With a lot of indie labels, the records look just as cool as they sound. How important is the visual aspect of your records?

The sound and the artwork are more important to me than what the actual record looks like. I like all the fancy cool looking records, and I have done a short run of 25 variants with most of my releases, but it’s a secondary concern. I’m looking into other pressing plants right now so I’m not really sure if I will be doing variants for future releases.

With vinyl so popular these days, what do you think the appeal is?

For some of us, it’s just something we have always collected. For others maybe it’s the thought of having that physical copy in this digital world. Honestly, I don’t know why others get into this hobby/habit, but I’m glad they do and I hope it continues.

Do you have a favorite record you’ve released?

My favorite is gonna be the Natural Child: Live in Birmingham. It started it all. The Doggerels was also a fun release and I would like to do more with them. I have truly enjoyed all the records I’ve released and bands I have worked with, except one, Dan Sartain….fuck that guy

Are there any artists you are looking forward to working with on a release? Or a dream artist?

I’m trying to get Tobin Sprout to let me release a show I recorded back in August, hopefully, I can make that happen. There are a few others I have been in talks with that I would really like to work with, but I’m slightly backed up on releases at the moment. My dream release would be a Grateful Dead record. I would love to release some of the Betty boards recordings. The old dead bootlegs got me into recording shows and they were the first band who’s records I specifically searched out to collect.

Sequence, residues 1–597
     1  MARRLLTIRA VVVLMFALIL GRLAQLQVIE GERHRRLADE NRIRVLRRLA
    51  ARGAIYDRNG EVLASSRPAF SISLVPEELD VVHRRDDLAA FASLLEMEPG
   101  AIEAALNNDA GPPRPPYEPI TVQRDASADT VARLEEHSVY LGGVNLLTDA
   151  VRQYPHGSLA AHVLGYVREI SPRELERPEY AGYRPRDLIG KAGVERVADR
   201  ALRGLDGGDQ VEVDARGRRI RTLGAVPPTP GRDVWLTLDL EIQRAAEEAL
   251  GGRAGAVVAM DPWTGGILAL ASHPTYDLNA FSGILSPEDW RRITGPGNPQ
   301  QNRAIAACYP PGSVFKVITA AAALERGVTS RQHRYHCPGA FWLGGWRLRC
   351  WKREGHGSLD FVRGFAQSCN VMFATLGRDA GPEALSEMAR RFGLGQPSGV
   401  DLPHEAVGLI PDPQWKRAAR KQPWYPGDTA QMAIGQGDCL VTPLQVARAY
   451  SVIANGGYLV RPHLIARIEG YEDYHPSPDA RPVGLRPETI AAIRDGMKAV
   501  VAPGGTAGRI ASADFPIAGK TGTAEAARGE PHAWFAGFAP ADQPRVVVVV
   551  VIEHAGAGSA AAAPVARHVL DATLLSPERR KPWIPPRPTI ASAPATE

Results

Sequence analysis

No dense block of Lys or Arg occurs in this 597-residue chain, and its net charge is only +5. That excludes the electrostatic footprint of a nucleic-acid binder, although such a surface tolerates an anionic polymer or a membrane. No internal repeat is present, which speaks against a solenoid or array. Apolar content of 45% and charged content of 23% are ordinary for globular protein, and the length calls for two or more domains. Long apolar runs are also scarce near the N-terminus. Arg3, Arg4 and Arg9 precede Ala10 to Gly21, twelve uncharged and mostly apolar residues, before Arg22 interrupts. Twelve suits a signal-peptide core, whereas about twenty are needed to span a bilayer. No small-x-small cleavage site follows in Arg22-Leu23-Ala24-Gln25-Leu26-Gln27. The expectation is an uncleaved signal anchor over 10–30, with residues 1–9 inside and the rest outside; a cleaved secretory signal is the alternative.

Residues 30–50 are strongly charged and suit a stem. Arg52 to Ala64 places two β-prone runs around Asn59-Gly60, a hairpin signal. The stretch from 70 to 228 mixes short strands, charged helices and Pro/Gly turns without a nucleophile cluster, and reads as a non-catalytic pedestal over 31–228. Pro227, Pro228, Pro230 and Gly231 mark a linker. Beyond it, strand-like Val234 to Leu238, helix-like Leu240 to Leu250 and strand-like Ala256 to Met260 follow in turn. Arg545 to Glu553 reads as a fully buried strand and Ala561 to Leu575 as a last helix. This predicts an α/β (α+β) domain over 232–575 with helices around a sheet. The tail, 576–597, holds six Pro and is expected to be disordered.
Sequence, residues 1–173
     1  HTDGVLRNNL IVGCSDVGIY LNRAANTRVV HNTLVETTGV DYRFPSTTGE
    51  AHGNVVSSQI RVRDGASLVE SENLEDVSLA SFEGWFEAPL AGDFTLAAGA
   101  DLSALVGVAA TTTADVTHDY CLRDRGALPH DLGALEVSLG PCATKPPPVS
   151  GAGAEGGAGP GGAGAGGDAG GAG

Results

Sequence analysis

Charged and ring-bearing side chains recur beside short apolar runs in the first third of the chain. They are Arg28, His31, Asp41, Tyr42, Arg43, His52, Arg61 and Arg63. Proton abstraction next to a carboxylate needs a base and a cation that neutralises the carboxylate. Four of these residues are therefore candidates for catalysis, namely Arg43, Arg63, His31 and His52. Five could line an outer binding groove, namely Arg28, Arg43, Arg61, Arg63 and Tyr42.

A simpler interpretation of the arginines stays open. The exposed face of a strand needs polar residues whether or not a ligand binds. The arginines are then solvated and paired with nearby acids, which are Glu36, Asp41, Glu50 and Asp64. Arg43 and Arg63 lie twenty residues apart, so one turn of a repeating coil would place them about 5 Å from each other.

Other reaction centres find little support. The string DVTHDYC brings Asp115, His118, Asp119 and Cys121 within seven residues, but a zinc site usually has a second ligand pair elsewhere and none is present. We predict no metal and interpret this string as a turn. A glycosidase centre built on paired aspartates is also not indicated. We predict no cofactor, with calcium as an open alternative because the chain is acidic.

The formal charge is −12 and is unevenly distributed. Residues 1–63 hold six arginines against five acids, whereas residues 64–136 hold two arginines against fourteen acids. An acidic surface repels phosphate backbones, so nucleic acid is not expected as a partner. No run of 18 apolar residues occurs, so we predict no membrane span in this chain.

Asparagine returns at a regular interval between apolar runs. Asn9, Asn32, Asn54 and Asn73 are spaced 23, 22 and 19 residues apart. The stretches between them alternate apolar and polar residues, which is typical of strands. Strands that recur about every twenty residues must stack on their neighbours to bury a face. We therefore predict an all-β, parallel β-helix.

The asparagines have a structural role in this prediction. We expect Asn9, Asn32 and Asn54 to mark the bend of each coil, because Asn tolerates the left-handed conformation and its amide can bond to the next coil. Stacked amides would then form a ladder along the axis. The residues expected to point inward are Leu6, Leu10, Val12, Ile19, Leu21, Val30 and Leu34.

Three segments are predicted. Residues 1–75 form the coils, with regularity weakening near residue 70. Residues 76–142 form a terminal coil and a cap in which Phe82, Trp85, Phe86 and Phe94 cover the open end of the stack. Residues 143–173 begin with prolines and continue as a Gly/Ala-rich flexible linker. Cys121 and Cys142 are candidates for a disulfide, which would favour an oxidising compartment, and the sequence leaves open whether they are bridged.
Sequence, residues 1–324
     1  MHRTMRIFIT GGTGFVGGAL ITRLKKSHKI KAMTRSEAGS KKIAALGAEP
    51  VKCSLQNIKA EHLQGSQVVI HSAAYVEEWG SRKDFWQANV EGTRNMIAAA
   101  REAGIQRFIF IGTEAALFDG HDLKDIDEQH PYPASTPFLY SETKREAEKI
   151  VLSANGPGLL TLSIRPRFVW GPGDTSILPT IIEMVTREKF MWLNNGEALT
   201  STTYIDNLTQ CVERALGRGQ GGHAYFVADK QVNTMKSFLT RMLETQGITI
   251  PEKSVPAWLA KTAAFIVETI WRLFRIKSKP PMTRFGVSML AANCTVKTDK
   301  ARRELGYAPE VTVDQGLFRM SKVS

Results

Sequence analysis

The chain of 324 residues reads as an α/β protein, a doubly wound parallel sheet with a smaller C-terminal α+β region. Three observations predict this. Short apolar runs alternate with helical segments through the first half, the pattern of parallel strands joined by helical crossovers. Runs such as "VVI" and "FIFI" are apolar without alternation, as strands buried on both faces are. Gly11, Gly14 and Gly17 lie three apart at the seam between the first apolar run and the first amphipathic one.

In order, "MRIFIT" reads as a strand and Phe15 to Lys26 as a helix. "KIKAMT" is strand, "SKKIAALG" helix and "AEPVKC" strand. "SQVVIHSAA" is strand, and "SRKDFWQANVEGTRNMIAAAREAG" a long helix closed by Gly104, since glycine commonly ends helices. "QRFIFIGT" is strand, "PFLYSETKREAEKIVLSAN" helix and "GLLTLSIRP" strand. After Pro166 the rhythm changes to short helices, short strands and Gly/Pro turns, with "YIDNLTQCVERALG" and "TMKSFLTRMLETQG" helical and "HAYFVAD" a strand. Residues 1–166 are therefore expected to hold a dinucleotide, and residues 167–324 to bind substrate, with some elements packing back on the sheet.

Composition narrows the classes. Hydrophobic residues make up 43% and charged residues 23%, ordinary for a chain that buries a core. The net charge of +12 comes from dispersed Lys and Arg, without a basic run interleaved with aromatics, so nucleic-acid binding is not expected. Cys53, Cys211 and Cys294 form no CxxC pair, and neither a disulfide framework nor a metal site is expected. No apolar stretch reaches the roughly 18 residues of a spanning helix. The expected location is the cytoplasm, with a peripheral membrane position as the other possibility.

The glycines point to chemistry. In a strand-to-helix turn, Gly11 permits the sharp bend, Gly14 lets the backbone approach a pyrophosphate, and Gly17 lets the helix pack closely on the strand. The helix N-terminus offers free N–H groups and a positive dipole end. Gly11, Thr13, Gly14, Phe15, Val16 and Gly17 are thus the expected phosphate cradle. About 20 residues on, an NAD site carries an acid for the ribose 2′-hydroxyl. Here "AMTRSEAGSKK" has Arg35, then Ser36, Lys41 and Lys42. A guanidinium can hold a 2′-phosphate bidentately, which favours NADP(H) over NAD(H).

What are you listening to these days?

My taste varies day to day. Some artists getting heavy play from me right now are Thelma & the Sleaze, Curtis Harding, Sturgill Simpson and Denney & the Jets. There is a ton of killer music out there just waiting to be heard.

With so many artists releasing their own music these days, how important do you feel indie labels are for the scene?

I like to think we still play a big part in helping bands get their music out there. I have bands reach out all the time that are looking for a label to help them with getting records pressed.

Whats next for Shed House?

Next is The Hussy live lp/DVD. This show is a scorcher. After that, I have live releases from Ranch Ghost and Foxx Bodies. There are few more but I can’t announce them just yet

Thanks for taking the time to chat with me at 50thirdand3rd! Any final words as to why we need to get out there and buy your records!?

Yes, I want to keep putting these releases out. That only works if I can actually sell the records. So spend a few dollars on a bad ass record that will give you years of enjoyment, and I’ll keep doing what I do.

To purchase the assortment of Shed House Records releases, please visit

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Aaron The Audiophile

Son, brother, uncle, musician. I enjoy music of all genres, shapes and sizes, preferably the good kind.